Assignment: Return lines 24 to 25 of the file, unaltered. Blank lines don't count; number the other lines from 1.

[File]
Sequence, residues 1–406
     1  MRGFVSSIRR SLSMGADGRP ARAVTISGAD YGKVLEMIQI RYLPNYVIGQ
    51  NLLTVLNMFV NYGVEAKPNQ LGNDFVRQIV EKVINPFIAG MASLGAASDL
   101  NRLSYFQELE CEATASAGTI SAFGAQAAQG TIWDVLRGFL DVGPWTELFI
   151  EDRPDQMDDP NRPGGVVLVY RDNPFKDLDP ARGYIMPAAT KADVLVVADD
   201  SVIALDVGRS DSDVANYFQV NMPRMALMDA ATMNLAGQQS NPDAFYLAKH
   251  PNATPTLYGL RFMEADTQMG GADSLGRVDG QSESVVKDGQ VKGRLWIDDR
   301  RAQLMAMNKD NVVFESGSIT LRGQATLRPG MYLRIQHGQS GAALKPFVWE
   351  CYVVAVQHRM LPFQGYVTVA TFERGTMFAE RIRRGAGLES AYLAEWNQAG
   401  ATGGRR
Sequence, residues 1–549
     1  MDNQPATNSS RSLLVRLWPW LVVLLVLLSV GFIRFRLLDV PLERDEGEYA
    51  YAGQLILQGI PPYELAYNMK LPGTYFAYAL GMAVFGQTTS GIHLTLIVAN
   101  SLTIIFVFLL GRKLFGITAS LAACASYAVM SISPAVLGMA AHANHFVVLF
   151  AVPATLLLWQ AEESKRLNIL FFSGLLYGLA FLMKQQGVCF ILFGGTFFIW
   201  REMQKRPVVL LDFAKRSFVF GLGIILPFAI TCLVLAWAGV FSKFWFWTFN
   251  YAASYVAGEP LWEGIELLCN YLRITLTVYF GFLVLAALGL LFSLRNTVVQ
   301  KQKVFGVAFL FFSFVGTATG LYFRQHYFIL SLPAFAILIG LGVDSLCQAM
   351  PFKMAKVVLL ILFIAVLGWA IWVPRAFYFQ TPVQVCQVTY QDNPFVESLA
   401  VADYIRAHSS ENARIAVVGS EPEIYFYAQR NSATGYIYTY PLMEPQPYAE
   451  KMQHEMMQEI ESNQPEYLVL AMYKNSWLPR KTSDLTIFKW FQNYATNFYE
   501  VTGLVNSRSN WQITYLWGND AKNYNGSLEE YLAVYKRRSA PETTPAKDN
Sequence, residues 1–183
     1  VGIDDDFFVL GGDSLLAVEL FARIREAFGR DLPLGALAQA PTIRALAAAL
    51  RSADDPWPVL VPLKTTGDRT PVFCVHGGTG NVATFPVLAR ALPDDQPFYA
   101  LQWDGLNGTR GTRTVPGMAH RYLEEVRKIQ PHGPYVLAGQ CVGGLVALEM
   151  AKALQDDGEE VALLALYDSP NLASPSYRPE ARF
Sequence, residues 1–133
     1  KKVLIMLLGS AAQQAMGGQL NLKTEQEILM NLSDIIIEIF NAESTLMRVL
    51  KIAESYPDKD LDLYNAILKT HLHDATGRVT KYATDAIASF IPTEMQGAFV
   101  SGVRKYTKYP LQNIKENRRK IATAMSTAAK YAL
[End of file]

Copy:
     1  VGIDDDFFVL GGDSLLAVEL FARIREAFGR DLPLGALAQA PTIRALAAAL
    51  RSADDPWPVL VPLKTTGDRT PVFCVHGGTG NVATFPVLAR ALPDDQPFYA